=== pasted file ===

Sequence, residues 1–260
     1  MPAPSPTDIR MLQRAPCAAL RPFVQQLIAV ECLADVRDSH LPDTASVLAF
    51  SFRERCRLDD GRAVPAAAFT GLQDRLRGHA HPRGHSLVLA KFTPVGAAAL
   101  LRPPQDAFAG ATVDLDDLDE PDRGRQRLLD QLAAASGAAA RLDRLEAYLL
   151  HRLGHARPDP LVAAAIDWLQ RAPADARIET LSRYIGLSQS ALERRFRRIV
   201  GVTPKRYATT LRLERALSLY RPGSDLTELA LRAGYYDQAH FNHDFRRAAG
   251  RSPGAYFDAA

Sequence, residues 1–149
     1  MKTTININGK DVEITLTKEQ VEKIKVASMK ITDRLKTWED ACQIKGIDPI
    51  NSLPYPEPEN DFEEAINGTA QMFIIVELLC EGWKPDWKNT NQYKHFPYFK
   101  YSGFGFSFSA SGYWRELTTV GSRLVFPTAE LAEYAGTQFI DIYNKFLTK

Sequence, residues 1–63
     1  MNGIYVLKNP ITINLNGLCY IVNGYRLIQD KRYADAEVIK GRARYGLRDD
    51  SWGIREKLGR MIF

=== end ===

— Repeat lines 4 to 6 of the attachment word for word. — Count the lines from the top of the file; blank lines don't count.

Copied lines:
   101  LRPPQDAFAG ATVDLDDLDE PDRGRQRLLD QLAAASGAAA RLDRLEAYLL
   151  HRLGHARPDP LVAAAIDWLQ RAPADARIET LSRYIGLSQS ALERRFRRIV
   201  GVTPKRYATT LRLERALSLY RPGSDLTELA LRAGYYDQAH FNHDFRRAAG